Google Cloud SQL vs Microsoft SQL Server: What are the differences?
Google Cloud SQL: Store and manage data using a fully-managed, relational MySQL database. MySQL databases deployed in the cloud without a fuss. Google Cloud Platform provides you with powerful databases that run fast, don’t run out of space and give your application the redundant, reliable storage it needs; Microsoft SQL Server: A relational database management system developed by Microsoft. Microsoft® SQL Server is a database management and analysis system for e-commerce, line-of-business, and data warehousing solutions.
Google Cloud SQL can be classified as a tool in the "SQL Database as a Service" category, while Microsoft SQL Server is grouped under "Databases".
"Fully managed" is the primary reason why developers consider Google Cloud SQL over the competitors, whereas "Reliable and easy to use" was stated as the key factor in picking Microsoft SQL Server.
According to the StackShare community, Microsoft SQL Server has a broader approval, being mentioned in 478 company stacks & 443 developers stacks; compared to Google Cloud SQL, which is listed in 73 company stacks and 28 developer stacks.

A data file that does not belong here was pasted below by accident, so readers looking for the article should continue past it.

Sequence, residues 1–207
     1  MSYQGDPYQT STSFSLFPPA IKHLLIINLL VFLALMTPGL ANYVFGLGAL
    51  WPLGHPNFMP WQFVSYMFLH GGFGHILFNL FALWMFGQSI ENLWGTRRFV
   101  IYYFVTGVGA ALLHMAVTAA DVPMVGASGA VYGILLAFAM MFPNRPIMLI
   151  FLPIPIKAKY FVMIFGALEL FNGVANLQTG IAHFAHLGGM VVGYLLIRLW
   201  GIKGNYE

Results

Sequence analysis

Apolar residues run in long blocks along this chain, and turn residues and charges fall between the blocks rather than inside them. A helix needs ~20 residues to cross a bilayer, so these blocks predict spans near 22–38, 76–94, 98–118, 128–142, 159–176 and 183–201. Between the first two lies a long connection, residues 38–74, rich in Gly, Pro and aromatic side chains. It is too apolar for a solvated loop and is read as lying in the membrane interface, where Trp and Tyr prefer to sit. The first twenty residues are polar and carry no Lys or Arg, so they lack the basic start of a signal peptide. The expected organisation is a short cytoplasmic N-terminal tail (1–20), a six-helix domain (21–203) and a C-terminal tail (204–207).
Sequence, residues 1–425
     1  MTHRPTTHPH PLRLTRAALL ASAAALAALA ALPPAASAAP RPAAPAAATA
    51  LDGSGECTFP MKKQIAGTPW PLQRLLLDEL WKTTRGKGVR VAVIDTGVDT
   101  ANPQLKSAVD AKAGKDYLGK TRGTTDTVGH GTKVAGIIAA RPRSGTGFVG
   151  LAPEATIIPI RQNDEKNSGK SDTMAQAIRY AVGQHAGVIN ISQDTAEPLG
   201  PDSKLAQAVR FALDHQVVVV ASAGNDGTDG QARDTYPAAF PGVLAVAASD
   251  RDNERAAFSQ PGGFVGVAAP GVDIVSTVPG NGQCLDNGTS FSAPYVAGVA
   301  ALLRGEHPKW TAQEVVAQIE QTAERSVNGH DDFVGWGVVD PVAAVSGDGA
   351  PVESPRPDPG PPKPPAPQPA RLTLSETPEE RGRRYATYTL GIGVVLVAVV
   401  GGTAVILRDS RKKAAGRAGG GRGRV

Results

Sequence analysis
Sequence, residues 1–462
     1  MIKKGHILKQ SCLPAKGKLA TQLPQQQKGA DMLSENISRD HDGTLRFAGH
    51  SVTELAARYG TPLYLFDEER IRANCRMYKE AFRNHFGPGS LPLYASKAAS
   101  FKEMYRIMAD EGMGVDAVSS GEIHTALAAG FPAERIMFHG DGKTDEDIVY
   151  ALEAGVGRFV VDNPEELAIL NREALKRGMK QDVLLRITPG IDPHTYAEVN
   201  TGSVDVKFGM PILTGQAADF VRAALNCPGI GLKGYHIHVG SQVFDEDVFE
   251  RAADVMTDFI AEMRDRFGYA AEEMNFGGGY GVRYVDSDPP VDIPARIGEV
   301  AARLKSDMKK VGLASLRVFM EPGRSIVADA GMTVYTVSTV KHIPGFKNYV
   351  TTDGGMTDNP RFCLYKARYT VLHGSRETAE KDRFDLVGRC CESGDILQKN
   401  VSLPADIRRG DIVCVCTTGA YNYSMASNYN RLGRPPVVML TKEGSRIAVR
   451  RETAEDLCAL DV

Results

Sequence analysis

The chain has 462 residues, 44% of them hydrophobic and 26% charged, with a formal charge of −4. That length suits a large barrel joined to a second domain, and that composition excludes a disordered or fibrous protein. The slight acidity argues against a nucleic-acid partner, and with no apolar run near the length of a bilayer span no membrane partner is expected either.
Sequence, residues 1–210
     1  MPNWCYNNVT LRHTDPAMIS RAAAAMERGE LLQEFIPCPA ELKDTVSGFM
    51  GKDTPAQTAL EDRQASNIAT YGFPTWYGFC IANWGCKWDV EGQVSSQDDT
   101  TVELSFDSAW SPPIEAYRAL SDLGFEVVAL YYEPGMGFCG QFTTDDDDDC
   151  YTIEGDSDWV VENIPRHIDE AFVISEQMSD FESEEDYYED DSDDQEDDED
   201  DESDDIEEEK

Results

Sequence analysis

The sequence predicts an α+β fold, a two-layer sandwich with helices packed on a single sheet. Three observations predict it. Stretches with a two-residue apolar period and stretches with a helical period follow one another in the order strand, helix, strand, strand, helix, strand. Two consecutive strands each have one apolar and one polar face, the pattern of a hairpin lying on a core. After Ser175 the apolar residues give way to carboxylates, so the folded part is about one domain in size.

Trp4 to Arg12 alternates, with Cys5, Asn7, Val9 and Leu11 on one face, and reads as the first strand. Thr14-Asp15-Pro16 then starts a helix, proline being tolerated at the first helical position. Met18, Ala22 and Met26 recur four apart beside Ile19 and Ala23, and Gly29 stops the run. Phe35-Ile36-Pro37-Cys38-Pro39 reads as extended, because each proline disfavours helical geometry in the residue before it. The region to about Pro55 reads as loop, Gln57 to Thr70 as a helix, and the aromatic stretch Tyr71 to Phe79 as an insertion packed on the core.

What is Google Cloud SQL?
What is Microsoft SQL Server?
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We initially started out with Heroku as our PaaS provider due to a desire to use it by our original developer for our Ruby on Rails application/website at the time. We were finding response times slow, it was painfully slow, sometimes taking 10 seconds to start loading the main page. Moving up to the next "compute" level was going to be very expensive.
We moved our site over to AWS Elastic Beanstalk , not only did response times on the site practically become instant, our cloud bill for the application was cut in half.
In database world we are currently using Amazon RDS for PostgreSQL also, we have both MariaDB and Microsoft SQL Server both hosted on Amazon RDS. The plan is to migrate to AWS Aurora Serverless for all 3 of those database systems.
Additional services we use for our public applications: AWS Lambda, Python, Redis, Memcached, AWS Elastic Load Balancing (ELB), Amazon Elasticsearch Service, Amazon ElastiCache
We've always counted on SQL Server as our database backend. It has served us well over the years. It isn't the cheapest part of our stack, but with the plethora of tools provided by 3rd parties, we have found an incredible and scalable method of keeping our data available and easy to maintain.
Defacto, industry standard for backend relational databases. Entity Framework makes designing, migrating & maintaining SQL Server databases a breeze. LocalDB is especially helpful during development.
Our core systems that we integrate with are using SQL Server 2012 / 2016 database servers. We use database views on core system databases to help build our domain model.
Main transactional database. SQL Server 2012 Enterprise with AlwaysOn Availability Groups for high availability and disaster recovery.
Managing script output and input, as well as data cleansing.